Russia's Vladimir Putin has thanked his US counterpart Donald Trump for giving intelligence to Russia's security body on a terror cell in Russia, the Kremlin says. It is the second time they have spoken since Thursday.
The White House on Sunday confirmed media reports from Russia that US President Donald Trump had spoken to Russia's Vladimir Putin on Sunday.
It followed reports by Russia's state news agency TASS that Putin had called Trump to thank him and the Central Intelligence Agency (CIA) for providing information that helped thwart a planned attack by "Islamic State" (IS) assailants on St. Petersburg.
"The Russian president thanked his American colleague for the information passed on by the Central Intelligence Agency, which helped detain a group of terrorists preparing explosions in St. Petersburg's Kazansky Cathedral and other busy sites in the city," the Kremlin said in a statement.
According to Russian media, Putin also reassured Trump that Russia's intelligence service would transmit any information pertaining to the attacks on the US to the White House, as it had done in the past.
In a readout of Sunday's call, the White House said that Trump had told Putin "that he and the entire United States intelligence community were pleased to have helped save so many lives."
Sunday's call was the second time Trump and Putin had spoken in just three days. On Thursday, the White House said Trump and the Russian president had discussed ways to work together in addressing North Korea's nuclear weapons program.
Relations between Russia and the US remain tense. While Trump and Putin are believed to get along well, the FBI and an intelligence committee set up by the House of Representatives continue to investigate allegations of collusion between the Trump campaign team and Kremlin officials in the run-up to last year's US presidential election.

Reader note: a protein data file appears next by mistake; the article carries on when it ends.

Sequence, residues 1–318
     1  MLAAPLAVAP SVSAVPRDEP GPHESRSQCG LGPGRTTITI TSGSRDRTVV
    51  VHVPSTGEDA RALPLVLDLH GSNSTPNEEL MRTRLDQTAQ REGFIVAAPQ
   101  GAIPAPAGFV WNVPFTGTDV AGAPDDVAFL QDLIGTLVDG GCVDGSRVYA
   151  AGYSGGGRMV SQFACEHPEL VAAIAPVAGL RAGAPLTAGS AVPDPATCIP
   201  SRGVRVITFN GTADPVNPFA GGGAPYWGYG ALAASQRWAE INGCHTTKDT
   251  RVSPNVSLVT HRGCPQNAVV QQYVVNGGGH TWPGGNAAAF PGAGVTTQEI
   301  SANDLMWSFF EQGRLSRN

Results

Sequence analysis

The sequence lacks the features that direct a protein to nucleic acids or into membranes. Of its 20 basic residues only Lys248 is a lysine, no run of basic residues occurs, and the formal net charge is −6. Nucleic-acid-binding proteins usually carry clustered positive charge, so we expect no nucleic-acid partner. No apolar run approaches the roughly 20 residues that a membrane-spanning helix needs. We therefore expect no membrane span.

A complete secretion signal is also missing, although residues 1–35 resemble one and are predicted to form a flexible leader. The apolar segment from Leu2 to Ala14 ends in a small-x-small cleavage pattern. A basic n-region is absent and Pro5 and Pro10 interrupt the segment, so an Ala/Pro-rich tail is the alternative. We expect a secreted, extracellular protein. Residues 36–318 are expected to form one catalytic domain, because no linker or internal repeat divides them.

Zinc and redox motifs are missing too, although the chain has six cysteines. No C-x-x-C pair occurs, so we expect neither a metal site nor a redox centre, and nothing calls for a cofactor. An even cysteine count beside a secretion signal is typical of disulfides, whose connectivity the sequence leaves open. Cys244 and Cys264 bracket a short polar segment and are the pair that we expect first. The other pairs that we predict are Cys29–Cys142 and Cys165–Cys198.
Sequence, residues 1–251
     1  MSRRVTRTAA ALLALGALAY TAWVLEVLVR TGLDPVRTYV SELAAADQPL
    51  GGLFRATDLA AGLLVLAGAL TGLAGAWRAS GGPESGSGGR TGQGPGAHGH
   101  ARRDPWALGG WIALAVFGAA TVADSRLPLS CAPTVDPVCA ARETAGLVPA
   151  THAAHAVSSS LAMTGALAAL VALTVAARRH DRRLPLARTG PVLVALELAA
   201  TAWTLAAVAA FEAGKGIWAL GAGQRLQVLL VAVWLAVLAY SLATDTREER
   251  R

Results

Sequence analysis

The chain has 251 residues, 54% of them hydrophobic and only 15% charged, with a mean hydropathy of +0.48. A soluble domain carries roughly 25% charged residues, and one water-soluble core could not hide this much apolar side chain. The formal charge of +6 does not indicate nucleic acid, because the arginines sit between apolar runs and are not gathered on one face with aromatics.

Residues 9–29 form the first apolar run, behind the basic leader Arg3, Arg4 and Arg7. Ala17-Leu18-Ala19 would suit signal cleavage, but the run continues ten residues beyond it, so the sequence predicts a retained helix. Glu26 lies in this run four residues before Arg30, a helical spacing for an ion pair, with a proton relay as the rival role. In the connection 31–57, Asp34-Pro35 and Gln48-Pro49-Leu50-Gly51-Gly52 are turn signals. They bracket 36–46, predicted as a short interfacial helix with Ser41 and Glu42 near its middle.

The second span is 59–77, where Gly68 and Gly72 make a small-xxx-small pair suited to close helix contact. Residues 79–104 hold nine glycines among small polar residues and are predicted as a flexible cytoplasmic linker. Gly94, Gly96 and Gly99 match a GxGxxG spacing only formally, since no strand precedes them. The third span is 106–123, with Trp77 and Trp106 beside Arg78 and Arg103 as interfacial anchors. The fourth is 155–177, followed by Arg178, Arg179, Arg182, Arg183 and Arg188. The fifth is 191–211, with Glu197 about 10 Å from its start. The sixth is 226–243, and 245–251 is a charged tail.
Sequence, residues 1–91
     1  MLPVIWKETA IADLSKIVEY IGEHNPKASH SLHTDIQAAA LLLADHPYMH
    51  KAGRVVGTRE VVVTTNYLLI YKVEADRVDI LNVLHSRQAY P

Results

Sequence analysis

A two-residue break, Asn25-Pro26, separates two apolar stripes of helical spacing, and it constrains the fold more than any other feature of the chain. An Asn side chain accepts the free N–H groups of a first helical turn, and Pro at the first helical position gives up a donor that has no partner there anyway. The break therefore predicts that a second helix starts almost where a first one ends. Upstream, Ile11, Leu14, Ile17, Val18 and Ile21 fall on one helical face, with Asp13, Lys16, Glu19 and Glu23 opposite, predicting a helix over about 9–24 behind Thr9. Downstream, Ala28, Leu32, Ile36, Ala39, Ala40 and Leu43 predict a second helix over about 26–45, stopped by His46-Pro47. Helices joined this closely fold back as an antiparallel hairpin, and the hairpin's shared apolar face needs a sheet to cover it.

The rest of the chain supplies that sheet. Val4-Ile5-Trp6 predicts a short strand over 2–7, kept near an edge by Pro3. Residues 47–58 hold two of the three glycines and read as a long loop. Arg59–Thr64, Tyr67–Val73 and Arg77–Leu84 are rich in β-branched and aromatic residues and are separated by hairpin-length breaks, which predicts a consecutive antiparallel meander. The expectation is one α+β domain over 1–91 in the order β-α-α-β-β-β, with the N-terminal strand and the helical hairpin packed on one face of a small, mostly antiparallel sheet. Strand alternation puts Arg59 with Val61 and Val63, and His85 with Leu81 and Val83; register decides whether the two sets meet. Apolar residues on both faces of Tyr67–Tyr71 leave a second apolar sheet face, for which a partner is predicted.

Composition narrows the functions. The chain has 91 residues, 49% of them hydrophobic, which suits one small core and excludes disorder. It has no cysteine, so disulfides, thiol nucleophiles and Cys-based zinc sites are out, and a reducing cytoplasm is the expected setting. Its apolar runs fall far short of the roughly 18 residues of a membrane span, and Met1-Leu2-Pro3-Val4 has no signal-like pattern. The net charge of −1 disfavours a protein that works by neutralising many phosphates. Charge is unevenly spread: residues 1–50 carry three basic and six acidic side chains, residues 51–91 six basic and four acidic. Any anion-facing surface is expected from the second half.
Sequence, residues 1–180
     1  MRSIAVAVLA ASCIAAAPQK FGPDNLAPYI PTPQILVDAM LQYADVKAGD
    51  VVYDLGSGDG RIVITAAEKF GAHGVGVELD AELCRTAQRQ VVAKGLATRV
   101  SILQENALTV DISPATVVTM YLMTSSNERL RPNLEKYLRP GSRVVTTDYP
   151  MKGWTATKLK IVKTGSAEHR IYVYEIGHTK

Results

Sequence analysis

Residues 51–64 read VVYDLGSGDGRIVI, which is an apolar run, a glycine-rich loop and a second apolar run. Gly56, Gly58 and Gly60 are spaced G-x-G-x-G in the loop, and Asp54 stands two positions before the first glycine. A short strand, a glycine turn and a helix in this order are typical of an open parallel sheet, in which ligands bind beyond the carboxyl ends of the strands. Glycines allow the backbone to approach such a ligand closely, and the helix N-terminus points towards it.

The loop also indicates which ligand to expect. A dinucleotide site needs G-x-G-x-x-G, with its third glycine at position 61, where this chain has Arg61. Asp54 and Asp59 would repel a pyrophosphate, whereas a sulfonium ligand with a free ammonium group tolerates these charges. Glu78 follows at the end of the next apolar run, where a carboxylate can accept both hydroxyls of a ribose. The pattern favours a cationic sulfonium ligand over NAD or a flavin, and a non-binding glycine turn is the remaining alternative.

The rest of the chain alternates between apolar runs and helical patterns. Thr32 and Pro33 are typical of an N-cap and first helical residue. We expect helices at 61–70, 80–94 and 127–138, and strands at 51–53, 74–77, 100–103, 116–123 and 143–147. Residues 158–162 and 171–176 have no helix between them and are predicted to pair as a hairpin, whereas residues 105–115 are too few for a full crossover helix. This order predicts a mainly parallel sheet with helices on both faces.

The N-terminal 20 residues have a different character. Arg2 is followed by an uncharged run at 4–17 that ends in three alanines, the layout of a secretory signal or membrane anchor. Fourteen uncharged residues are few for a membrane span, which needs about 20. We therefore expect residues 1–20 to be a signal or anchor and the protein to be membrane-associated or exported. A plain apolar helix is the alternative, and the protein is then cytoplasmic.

Russia on high alert going into 2018
On Friday, Russia's FSB security service said it had arrested seven members of an Islamist terror group planning "the killing of citizens" in a series of suicide attacks in Russia's second city on December 16.
Among the targets was the city's famous Kazansky Cathedral, a popular tourist site.
Police raided a St. Petersburg apartment where they uncovered a "large number of explosives used to make homemade bombs, automatic rifles, munitions and extremist literature," the FSB said in a statement.
The arrests followed warnings raised by FSB chief Alexander Bortnikov, who said Russia was on high alert for the return of jihadis from Syria. Next year will be a crucial one for Russia, with the country having its presidential election in March, before hosting the FIFA World Cup in the summer.
Friday's arrests were also reminiscent of last April's terrorist attack in St. Petersburg, in which 15 people were killed in an explosion on a metro train. The assailant was identified as a 22-year old Kyrgyz-born man, although no group has claimed responsibility for the incident.
dm/tj (AP, Reuters, AFP, dpa)